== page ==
TokyoMagic! - to this day, the ride vehicles still have no doors (no windows, either - which offers us a chilling challenge...). Guests are held in their seats by Disney magic...and a seatbelt. Let's pray that's good enough for CalOSHA...

Major Pepperidge said...

Nanook, I have had the chance to taste durian, thanks to the Asian market near me. They sold it on shrink-wrapped styrofoam trays, just like pork chops. You could smell it as you walked past; so my friend bought a pack, and it tasted sort of like fried onions to me, though it was more complex than that. It wasn’t terrible, but I am not in a rush to have it again.

Patrick Devlin, I think Bob Gurr wrote a detailed account of the early flapping ears and their problems; not sure if that can be found online, or if you have to buy his book. I have a photo or two in which it looks like the ears are in different positions, but I am not sure I would be able to find them in a timely fashion.

Nanook, I believe that the ears did flap for short periods of time; if I recall correctly, Bob Gurr said that the hydraulic fluid would become foamy, which made it not work - so they continually had to drain the fluid and replace it. I would imagine that this scenario didn’t last for long.

Melissa, if you are happy, then I am happy!

TokyoMagic!, yes, I would have expected little doors, similar to the modern tea cups; and yet I believe that there are none.

Chuck, thanks for the confirmation; I pray that CalOSHA does not read GDB, or they will be getting some ideas.

Nanook said...


The issue with the foaming pertained to the hydraulic system of the attraction, and was present during the initial run beginning on August 16. When the improved version was installed, so ended the foaming.

As far as I know the movable ears received their locomotion thru electric motors - at least that's what was stated in the Roller Coasters Flumes and Flying Saucers book.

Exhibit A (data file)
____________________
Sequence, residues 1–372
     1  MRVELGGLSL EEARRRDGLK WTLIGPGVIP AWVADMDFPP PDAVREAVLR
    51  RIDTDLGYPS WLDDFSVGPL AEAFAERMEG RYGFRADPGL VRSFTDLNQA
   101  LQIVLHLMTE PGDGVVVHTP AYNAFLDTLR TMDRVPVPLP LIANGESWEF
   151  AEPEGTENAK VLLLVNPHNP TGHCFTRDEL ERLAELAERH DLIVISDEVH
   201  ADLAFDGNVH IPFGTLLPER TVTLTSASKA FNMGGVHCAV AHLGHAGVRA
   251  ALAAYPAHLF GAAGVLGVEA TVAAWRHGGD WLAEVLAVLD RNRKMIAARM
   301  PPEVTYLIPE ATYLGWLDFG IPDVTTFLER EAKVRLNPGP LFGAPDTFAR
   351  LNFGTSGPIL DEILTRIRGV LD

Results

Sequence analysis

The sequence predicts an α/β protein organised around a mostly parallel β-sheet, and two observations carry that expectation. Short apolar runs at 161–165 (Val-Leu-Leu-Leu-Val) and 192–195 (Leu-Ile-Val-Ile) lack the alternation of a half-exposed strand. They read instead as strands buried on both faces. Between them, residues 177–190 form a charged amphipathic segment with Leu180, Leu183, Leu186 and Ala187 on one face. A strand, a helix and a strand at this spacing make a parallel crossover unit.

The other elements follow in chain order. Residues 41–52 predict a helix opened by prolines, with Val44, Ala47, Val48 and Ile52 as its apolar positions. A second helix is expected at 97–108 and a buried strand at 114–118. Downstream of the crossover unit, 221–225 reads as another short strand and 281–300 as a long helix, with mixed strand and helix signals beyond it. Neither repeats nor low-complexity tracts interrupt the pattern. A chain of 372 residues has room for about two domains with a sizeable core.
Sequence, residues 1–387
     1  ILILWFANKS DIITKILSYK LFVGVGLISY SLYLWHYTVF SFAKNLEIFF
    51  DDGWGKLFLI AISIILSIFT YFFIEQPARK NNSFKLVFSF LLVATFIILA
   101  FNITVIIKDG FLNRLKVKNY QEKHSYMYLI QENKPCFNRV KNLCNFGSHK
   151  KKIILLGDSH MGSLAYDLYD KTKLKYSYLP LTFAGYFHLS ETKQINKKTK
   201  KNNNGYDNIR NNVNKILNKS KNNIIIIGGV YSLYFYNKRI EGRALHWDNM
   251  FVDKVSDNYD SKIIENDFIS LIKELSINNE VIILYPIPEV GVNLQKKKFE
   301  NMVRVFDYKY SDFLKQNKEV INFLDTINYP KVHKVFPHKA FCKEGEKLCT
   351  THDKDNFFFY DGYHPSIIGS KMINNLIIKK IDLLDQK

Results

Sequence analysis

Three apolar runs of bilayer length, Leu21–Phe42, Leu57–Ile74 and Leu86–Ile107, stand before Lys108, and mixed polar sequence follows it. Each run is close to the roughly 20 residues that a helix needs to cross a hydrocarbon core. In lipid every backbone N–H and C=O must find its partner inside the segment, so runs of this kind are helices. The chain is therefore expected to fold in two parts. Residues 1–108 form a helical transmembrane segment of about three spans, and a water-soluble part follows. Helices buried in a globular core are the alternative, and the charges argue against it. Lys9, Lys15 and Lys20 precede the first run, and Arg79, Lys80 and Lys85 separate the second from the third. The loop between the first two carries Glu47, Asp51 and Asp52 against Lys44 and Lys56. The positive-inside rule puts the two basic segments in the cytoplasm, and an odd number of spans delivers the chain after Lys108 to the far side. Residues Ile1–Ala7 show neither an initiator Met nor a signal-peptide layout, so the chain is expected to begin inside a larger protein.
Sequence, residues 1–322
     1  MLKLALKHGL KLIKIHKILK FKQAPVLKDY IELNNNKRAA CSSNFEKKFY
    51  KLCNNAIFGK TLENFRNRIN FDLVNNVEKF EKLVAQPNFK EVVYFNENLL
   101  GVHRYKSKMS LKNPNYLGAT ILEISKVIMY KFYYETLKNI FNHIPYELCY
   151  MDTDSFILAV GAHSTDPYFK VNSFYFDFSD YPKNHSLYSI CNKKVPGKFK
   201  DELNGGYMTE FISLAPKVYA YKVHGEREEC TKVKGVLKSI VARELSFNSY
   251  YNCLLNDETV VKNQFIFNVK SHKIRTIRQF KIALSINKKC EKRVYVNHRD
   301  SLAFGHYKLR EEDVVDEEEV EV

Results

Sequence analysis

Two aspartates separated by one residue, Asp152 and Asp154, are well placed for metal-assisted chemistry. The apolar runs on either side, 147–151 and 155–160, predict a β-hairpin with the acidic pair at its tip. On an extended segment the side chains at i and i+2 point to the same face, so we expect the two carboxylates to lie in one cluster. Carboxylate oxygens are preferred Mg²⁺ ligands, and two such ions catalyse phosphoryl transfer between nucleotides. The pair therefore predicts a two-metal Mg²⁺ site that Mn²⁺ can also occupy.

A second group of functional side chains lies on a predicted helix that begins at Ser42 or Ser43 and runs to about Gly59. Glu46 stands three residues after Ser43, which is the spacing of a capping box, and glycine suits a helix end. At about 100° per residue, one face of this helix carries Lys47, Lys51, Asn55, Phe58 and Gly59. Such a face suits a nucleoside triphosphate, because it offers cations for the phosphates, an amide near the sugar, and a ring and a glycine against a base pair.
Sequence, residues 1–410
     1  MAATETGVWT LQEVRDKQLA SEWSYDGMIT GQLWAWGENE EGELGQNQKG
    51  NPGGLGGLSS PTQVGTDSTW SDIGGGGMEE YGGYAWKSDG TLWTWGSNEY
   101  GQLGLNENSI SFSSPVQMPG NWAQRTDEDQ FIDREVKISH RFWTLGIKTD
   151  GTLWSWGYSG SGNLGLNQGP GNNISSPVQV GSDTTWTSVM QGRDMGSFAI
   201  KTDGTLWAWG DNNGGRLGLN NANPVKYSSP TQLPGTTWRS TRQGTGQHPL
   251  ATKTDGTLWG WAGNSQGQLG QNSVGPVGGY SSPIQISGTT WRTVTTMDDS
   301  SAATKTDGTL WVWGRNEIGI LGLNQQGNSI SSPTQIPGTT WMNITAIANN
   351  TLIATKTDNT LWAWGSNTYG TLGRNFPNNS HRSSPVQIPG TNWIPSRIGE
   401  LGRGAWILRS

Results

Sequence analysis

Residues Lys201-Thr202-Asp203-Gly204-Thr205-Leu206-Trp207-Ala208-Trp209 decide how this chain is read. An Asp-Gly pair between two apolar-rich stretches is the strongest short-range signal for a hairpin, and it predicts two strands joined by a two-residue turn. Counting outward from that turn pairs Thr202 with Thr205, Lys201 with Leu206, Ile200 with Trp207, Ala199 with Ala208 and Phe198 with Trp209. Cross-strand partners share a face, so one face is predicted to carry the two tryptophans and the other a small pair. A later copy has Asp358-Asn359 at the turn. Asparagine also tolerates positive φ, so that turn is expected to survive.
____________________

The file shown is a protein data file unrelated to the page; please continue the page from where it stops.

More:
Anonymous said...

I seem to remember riding Dumbo when the ears moved. Later, when the ears were fixed, I just assumed that I imagined the moving ears. But now, it's all so vague, I just focus on moving the lever up and down.

I think that the Elephant at full down position sits well below the load platform so you step down into the passenger cavity, using the seat as a step, thus no need for a door. Eventually, the flying elephant will require a full wire cage howdah, on the order of the big ferris wheel in DCA.

I also remember the Swiss Family Fruit pretty clearly and wondering where castaways got the trees for all those varieties that don't grow in the south seas... I think this was mentioned in the Disney book, nursery stock carried as cargo in the wrecked ship.

I hope I still have that book.


TokyoMagic! said...

JG, it's so strange, I also have very clear memories of the bowl of plastic fruit in the Swiss Family Treehouse, but not this one. For some reason I remember the one sitting on the table in the family's "kitchen" on the ground floor of the treehouse. The things that stand out in our memories, huh?

Anonymous said...

@Tokyo, that's the reason GDB is so much fun. I really enjoy other's recollections of the same things. Often, I can't remember that I remember a thing, until I see the picture, then WHAM, it's like I'm right there again, and everyone else is there too.



Chuck said...

I get the same feeling, JG. Hey, TokyoMagic! and K. Martinez - quit jostling me. There's room here in cyberspace for everyone.

Anonymous said...

@Chuck, Disneyland is always crowded.